Shakespeare and the Emblem Writers (Illustrated)

Shakespeare and the Emblem Writers (Illustrated)

by Henry Green

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Overview

FEW only are the remarks absolutely needed by way of introduction to a work which within itself sufficiently explains and carries out a new method of illustration for the dramas of Shakespeare. As author, I commenced this volume because of various observations which, while reading several of the early Emblem writers, I had made on similarities of thought and expression between themselves and the great Poet; and I had sketched the whole outline, and had nearly filled it in, without knowing that the path pursued by me had in any instance been trodden by other amateurs and critics. From the writings of the profoundly learned Francis Douce, whose name ought never to be uttered without deep respect for his rare scholarship and generous regard to its interests, I first became aware that Shakespeare's direct quotation of Emblem mottoes, and direct description of Emblem devices, had in some degree been already pointed out to the attention of the literary public.

And right glad am I to observe that I have had precursors in my labours, and companions in my researches; and that, in addition to Francis Douce, writers of such repute as Langlois of Rouen, Charles Knight, Noel Humphreys, and Dr. Alfred Woltmann, of Berlin, have, each by an example or two, shown how, with admirable skill and yet with evident appropriation, our great Dramatist has interwoven among his own the materials which he had gathered from Emblem writers as their source.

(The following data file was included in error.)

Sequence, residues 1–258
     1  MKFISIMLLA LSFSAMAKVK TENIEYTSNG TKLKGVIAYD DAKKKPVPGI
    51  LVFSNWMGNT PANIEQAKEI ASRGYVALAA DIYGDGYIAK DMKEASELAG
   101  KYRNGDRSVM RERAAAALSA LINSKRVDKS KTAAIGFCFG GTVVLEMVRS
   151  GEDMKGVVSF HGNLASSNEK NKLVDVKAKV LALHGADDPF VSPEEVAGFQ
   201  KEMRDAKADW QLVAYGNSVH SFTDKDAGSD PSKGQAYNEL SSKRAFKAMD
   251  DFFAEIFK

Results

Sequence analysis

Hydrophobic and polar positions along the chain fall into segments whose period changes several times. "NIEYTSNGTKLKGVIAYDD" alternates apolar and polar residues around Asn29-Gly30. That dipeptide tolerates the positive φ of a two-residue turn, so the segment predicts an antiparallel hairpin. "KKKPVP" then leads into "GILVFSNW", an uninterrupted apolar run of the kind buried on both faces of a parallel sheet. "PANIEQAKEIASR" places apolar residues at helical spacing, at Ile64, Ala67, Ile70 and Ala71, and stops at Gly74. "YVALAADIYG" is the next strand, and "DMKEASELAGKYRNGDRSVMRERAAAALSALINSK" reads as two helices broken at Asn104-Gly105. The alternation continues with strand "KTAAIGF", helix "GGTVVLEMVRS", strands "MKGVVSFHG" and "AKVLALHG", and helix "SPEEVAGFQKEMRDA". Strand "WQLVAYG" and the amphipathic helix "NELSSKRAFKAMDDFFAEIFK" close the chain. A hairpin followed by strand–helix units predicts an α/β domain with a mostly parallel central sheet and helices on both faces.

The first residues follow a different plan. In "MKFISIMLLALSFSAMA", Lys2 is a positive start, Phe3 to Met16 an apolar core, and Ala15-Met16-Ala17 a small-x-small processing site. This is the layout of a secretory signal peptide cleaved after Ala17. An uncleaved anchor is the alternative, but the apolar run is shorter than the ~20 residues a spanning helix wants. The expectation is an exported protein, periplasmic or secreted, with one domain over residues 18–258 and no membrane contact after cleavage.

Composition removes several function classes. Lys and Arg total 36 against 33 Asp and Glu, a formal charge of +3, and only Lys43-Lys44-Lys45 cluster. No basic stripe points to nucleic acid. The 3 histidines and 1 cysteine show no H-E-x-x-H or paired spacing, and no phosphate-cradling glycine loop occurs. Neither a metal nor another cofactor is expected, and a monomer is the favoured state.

To myself the fact is an assurance that neither from aiming at singularity of conjecture, nor from pretending to a more penetrating insight into Shakespeare's methods of composition, have I put before the world the following pages for judgment. Those pages are the results of genuine study,--a study I could not have so well pursued had not liberal-minded friends freely entrusted to my use the book-treasures which countervailed my own deficiencies. The results arrived at, though imperfect, are also, I believe, grounded on real similitudes between Shakespeare and his predecessors and contemporaries; and those similitudes, parallelisms, or adaptations of thought, by whichever name distinguished, often arose from the actual impression made on his mind and memory by the Emblematists whose works he had seen, read, and used.

Product Details

BN ID: 2940150807631
Publisher: Bronson Tweed Publishing
Publication date: 09/20/2015
Sold by: Barnes & Noble
Format: NOOK Book
File size: 12 MB
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